HIGH POINT, N.C., April 24, 2014 – Kathleen Kelley, a senior criminal justice major at High Point University, along with Dr. Heather Ahn-Redding, associate professor of criminal justice, recently attended the Academy of Criminal Justice Science Annual Meeting in Philadelphia to present their research on the profile of mass murderers.
Kelley and Ahn-Redding presented their original research, titled “Operationalizing Attempted Murder.” Their work looks at whether the demographic profile of traditionally defined mass murderers changes when the definition is expanded to include instances of attempted mass murder.
“The traditional definition of mass murder often includes three or more lives lost,” Ahn-Redding explains. “However, we are examining cases where there was an evident attempt to take at least three lives, but some individuals survived. Our research also discusses implications for prevention.”
The Academy of Criminal Justice Science (ACJS) is an international association established to foster professional and scholarly education, research and policy analysis within the discipline of criminal justice. The theme for the 51st Annual Meeting was “Perceptions of Crime and Justice.”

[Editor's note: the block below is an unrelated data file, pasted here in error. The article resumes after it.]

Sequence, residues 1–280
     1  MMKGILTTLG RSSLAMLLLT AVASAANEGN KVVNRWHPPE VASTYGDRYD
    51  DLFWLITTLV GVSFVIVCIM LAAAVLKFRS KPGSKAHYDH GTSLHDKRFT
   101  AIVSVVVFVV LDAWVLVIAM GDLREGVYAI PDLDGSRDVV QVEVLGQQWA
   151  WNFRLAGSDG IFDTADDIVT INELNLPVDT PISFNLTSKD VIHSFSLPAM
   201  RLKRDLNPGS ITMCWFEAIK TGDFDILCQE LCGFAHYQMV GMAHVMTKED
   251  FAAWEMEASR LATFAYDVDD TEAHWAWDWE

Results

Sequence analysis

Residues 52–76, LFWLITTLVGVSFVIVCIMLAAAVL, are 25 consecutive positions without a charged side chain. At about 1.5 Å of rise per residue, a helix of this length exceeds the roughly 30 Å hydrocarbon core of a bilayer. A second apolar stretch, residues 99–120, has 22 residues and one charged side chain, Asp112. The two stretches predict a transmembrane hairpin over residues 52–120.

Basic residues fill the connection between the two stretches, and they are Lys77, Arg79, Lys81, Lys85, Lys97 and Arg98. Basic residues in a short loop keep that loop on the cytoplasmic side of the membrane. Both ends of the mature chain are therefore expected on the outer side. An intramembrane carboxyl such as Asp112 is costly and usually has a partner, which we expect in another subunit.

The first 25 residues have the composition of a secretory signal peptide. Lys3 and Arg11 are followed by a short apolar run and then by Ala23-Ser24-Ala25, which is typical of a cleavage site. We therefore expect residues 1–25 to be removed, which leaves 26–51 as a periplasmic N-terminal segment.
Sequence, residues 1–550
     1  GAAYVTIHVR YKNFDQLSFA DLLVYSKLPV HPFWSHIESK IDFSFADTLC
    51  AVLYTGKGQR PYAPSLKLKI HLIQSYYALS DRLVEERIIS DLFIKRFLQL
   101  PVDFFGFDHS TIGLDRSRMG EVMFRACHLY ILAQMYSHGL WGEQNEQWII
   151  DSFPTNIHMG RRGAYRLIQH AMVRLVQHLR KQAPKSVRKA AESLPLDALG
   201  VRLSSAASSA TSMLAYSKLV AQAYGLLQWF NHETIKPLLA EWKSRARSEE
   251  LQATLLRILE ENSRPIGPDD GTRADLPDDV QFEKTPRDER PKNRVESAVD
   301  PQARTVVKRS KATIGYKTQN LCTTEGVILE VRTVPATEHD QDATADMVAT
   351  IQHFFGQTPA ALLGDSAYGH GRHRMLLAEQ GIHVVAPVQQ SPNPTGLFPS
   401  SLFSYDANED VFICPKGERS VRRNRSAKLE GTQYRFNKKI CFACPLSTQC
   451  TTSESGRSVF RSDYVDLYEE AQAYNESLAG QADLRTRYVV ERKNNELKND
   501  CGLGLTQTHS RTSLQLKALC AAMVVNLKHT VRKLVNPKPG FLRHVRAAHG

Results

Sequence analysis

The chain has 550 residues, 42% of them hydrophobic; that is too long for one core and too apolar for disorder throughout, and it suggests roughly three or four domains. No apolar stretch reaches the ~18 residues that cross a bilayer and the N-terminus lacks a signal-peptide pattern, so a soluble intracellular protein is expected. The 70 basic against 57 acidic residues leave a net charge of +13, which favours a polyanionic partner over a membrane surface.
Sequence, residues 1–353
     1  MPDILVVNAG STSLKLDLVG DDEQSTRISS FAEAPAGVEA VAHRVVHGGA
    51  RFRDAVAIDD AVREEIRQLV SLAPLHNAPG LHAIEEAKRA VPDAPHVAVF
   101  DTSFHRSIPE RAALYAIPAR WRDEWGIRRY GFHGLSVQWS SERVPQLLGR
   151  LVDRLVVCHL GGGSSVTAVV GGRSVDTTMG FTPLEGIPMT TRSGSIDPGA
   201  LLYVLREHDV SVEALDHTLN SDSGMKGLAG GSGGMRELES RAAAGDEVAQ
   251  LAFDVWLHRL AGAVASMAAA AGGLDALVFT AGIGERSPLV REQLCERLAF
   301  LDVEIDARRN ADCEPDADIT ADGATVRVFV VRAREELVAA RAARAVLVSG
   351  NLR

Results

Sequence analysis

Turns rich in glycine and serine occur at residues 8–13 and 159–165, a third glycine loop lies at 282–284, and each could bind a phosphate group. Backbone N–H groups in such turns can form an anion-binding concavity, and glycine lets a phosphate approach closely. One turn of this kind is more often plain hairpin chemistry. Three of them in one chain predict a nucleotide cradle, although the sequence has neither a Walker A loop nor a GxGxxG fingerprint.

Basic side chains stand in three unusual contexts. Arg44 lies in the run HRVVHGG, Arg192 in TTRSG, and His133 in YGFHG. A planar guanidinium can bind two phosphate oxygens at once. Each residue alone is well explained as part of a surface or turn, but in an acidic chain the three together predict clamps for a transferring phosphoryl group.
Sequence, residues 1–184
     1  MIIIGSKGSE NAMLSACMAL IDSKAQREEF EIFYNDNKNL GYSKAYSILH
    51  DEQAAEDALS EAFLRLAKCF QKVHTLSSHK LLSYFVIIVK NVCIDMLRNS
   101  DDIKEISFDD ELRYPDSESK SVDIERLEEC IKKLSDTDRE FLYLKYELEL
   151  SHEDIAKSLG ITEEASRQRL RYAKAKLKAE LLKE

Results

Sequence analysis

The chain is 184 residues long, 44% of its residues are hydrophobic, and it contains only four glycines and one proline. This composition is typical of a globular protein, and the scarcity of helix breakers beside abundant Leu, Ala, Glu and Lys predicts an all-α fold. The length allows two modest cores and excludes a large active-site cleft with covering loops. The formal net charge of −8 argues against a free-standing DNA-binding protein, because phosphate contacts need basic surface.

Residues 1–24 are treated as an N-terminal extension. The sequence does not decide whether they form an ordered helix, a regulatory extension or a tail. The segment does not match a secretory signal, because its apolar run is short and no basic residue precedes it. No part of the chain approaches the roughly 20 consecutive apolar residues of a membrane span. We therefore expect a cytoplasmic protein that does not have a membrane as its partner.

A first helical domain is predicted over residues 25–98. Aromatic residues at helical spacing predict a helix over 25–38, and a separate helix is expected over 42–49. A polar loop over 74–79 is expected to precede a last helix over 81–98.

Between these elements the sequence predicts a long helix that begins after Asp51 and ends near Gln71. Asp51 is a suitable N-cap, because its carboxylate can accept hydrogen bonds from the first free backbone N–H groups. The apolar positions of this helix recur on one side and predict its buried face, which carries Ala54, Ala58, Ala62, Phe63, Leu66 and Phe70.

According to Kelley, this experience has been invaluable in preparing her for graduate school and a future career in the criminal justice field.
“Attending the ACJS conference with Dr. Ahn-Redding showed me that influencing public policy through detailed research is what I truly want to do,” says Kelley. “The research that I have done with Dr. Ahn-Redding has provided me the confidence to pursue a position as a research assistant, and given me the advantage of having criminal justice research experience.”
Ahn-Redding adds that she has been able to relate her findings in the classroom at HPU.
“I have shared the nature of our research with students in my violent crime class, and have been able to incorporate some observations from my project into the classroom,” says Ahn-Redding. “As I proceed with my data analysis, I hope to share additional findings with students in future semesters.”